Civil Engineering ETDs

Publication Date



Water reuse has become a necessary practice in arid and semi-arid regions like the Southwestern USA. However, a new generation of emerging organic micropollutants has been increasingly scrutinized in water sources. The aim of this study is to determine the changes in chemical composition occurring on the MnOx(s) surface after reaction with organic micropollutants using X-ray Photoelectron spectroscopy (XPS), Raman spectroscopy and solution chemistry analyses. Laboratory batch experiments were conducted to assess the reactivity of MnOx(s) with aniline, triclosan, phenol and bisphenol A. Analyses of XPS high resolution scans through the determination of the shape and position of Mn 3p spectra and Mn 3s multiplet splitting suggest that Mn(III) and Mn(II) increase in the surface of MnOx(s) reacted with organics, indicating that organic oxidation causes the reduction of MnOx(s). Impurities on MnOx(s) surface (eg. other metal oxides) decrease the micropollutant removal efficiency. After the rapid initial oxidation of micropollutants, the availability of surface sites was found to be a major factor influencing the long-term reaction rates. Aniline and Bisphenol A were still detectable after reaction completion due to surface sites being irreversibly occupied by reaction products or impurities. The results from this research are applicable for the mechanistic comprehension of interactions between MnOx(s) and organic micropollutants, which is necessary for understanding the MnOx(s)-micropollutant geochemical processes and development of water treatment technologies that use MnOx(s) to remove organic micropollutants.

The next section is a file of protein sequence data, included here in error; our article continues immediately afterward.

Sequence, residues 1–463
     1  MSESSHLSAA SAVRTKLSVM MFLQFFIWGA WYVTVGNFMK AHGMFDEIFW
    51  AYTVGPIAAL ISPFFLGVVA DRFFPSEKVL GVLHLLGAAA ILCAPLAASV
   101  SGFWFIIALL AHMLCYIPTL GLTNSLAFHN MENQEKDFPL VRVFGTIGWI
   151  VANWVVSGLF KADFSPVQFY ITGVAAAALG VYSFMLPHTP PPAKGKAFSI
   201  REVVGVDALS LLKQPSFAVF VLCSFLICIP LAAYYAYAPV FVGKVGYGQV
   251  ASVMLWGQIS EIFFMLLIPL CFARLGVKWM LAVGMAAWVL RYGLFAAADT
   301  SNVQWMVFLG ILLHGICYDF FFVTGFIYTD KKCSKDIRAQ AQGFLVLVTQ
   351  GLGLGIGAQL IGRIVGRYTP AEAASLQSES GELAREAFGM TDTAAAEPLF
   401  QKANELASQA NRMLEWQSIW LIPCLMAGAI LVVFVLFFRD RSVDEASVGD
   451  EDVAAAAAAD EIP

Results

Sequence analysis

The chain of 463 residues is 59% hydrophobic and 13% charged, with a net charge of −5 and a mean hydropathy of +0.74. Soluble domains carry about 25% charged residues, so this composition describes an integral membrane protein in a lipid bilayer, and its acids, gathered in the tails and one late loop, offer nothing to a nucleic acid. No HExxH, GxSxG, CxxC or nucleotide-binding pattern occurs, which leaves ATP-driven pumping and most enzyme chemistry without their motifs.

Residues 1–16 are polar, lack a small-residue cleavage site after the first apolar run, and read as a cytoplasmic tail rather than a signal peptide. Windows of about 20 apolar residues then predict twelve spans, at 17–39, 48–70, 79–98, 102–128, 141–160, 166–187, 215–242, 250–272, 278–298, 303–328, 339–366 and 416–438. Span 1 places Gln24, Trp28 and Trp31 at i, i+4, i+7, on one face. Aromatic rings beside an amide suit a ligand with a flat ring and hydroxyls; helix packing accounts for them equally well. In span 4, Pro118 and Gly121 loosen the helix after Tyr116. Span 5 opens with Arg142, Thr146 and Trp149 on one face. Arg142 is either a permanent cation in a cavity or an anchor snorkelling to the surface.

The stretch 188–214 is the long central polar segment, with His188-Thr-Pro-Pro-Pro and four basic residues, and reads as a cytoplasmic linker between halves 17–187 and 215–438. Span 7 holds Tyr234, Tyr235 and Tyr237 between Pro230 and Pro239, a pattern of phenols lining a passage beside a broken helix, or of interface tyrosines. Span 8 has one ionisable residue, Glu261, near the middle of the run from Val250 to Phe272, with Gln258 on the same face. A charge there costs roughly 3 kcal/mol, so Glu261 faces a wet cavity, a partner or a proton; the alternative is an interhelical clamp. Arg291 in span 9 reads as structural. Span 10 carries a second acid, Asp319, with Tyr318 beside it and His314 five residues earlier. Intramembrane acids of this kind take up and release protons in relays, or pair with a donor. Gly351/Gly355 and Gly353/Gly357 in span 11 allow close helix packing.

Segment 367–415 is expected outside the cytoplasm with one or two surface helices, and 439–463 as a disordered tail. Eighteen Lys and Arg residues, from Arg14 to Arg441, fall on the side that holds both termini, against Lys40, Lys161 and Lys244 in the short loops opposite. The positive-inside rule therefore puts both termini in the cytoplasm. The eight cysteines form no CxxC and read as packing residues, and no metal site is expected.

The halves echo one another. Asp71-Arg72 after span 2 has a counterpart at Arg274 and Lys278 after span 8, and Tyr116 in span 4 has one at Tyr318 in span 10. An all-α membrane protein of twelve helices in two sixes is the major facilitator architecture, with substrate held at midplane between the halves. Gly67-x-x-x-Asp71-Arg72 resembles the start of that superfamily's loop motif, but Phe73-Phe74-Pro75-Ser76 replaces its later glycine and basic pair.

Manganese Oxide Micropollutant Surface Chemistry Analysis Redox Phenols Aniline multiplet splitting

Document Type




Degree Name

Civil Engineering

Level of Degree


Department Name

Civil Engineering

First Advisor

Cerrato, Jose

First Committee Member (Chair)

Ali, Abdul-Mehdi

Second Committee Member

Howe, Kerry